(b Bucharest, 2/Aug 14, 1893; d Bucharest, Feb 18, 1959). Romanian composer, pianist, conductor, teacher, music critic, and director of music programmes. A leading figure of the first half of the 20th century, he laid the foundation of the Romanian school in music, concert life, and musical journalism. He studied with A. Castaldi, D. Dinicu, D.G. Kiriac, and E. Saegiu at the Bucharest Conservatory (1903–11), completing his education with two periods of study in Paris (1913–14, 1923–4), where he studied with d’Indy at the Schola Cantorum and with Paul Vidal at the Conservatoire. A remarkable accompanist, he worked with Enescu, Thibaud, Mainardi, Moodie, and others during the period 1919–45. As a conductor he always achieved a soberly balanced performance; he conducted more than 1500 performances at the Romanian Opera in Bucharest (1921–59), where he specialized in the French repertory (Bizet, Massenet, and Gounod). In his capacities as conductor of the Romanian Philharmonic Society, and as conductor and artistic manager of the Romanian RSO, he did much to encourage Romanian composers. He was also active as a music critic for Romanian and French reviews. Much of his compositional work was done during his youth, including ...
revised by Ruxandra Arzoiu
Hans Åstrand and Bo Wallner
(b Göteborg, Dec 12, 1887; d Stockholm, Feb 15, 1974). Swedish composer, administrator, conductor and critic. He studied the cello at school in Göteborg and then entered the Stockholm College of Technology. Having passed the examination in civil engineering in 1911, he spent his working life (1912–68) in the patent office. He was largely self-taught although he studied composition and instrumentation with Hallén at the Swedish Royal Academy of Music (1910–11), and partly used the state composer’s scholarships he received between 1911 and 1915 to study in Germany (1911 and 1913). He made his début as a conductor at Göteborg in 1912, when the programme included his First Symphony; thereafter (particularly during the 1920s) he often conducted his own music and that of contemporaries, both at home and abroad (where he promoted Swedish music). From 1916 to 1922 he was kapellmästare at the Royal Dramatic Theatre, Stockholm; he also worked enthusiastically as co-founder and president (...
revised by James Deaville
(b Würzburg, May 28, 1780; d Würzburg, Jan 5, 1862). German teacher, musical organizer, critic, theorist, conductor and composer. He studied music at the student institute of the Juliusspital in Würzburg, and studied law and philosophy at the university there. In 1801 he began his career as a violinist in the prince-bishop’s court orchestra. He also founded the Akademische Bande, a student choral and orchestral group, which in 1804 became the Akademisches Musikinstitut and was made part of the university, thus becoming the basis of the first state music school in Germany. His teaching and organizational work was of the highest importance and encompassed several disciplines and activities. He became reader in aesthetics in 1812, reader in pedagogical studies in 1819 and professor in 1821. In 1820 a singing school was established as part of the institute. He also conducted important historical concerts for King Ludwig I in ...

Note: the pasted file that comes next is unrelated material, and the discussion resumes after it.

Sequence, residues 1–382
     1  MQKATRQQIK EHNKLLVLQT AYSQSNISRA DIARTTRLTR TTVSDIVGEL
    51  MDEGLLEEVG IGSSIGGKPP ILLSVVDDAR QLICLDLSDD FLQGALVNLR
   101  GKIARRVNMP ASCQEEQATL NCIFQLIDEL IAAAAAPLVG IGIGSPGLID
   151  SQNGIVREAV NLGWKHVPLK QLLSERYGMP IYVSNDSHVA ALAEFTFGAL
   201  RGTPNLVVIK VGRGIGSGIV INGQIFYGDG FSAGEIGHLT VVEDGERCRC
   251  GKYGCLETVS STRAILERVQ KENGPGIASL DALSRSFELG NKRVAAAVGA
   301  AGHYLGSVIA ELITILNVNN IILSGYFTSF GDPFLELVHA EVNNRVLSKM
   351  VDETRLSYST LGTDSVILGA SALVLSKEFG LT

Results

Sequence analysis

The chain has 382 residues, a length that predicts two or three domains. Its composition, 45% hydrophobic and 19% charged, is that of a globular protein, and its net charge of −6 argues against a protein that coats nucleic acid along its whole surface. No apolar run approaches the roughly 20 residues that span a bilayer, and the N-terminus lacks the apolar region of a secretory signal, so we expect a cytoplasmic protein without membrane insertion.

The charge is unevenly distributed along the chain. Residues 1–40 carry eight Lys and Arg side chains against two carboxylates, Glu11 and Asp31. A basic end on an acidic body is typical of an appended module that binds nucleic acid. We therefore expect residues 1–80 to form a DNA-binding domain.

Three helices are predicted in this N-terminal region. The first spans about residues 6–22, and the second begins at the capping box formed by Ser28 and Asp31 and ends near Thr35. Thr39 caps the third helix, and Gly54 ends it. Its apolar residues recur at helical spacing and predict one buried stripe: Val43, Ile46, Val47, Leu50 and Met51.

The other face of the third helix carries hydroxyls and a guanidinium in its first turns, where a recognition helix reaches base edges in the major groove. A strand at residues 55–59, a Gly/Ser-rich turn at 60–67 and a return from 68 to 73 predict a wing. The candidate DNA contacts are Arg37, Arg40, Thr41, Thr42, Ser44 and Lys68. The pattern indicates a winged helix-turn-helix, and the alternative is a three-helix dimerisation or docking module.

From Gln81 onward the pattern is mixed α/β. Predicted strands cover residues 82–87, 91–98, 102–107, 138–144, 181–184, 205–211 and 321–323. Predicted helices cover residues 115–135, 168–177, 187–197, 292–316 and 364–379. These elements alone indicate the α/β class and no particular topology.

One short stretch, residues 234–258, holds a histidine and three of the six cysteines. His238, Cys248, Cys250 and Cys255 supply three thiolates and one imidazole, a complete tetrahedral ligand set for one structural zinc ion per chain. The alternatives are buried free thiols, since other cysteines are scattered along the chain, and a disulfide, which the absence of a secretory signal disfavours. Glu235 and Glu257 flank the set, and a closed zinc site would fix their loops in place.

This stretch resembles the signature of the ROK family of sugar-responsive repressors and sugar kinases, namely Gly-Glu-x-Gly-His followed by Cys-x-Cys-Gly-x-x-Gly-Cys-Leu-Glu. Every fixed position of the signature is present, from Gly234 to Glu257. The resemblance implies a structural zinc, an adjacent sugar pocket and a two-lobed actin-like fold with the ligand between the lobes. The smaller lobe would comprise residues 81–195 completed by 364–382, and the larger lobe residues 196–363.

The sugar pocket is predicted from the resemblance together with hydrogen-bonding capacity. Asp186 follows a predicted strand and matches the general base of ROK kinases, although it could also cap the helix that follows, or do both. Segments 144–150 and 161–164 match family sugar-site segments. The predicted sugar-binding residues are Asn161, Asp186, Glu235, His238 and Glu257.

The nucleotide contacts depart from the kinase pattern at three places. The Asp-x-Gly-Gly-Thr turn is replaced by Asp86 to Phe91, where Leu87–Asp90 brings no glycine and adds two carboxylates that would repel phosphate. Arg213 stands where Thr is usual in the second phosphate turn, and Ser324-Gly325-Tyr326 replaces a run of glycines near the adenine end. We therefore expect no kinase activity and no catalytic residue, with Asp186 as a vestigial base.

Israel J. Katz
(b Orense, Oct 1, 1918). Spanish pianist, composer, conductor, administrator, critic and writer on music. He studied piano and composition with José Cubiles and Conrado del Campo at the Madrid Conservatory, taking diplomas in piano (1935) and composition (1944); later he was a pupil of Marguerite Long, Lazare Lévy and Yves Nat in Paris and of Isidore Philipp in New York, and studied conducting with Luís de Freitas Branco and Louis Fourestier. He has made concert tours of Europe, North Africa and the USA. His professional activities have included the founding (1957) and directing of the Orense Conservatory of Music, giving piano masterclasses and teaching the interpretation of Spanish music at Música en Compostela (from 1958) and organizing the Manuel de Falla seminars and courses at Granada. He created (1962) the Semanas de Música Religiosa at Cuenca and as music adviser to the Instituto de Cultura Hispánica planned music festivals in Spain and the USA in collaboration with the Organization of American States; he has served as secretary-general of the Spanish section of ISCM (whose festivals he organized in ...
(b Northwich, Cheshire, May 17, 1912; d York, May 9, 2004). English writer on music and music educationist . He was educated at Christ’s Hospital (1924–30) and read English, music and history as an organ scholar at Selwyn College, Cambridge (1930–34; MusB 1933). He was director of music at Stranmillis Teachers Training College, Belfast, from 1934 until 1937, when he took the MusD at Trinity College, Dublin. From 1937 to 1944 he was music adviser to the city of Stoke on Trent. In 1944 he became director of music at Wolverhampton College of Technology; there he also formed a choir which gave many performances, particularly of lesser-known works by Handel. Since 1970 he has been a visiting scholar and lecturer at numerous colleges in the USA.
Young was an exceptionally fluent and prolific writer. His books include short popular biographies and several volumes for younger readers. Many of his more substantial writings are based on a lively, fresh and industrious, if not always highly discriminating, examination of source material; these include original research on Elgar and useful surveys of the British choral tradition and British music generally. As a composer Young was equally prolific: his works include a Fugal Concerto for two pianos and strings (...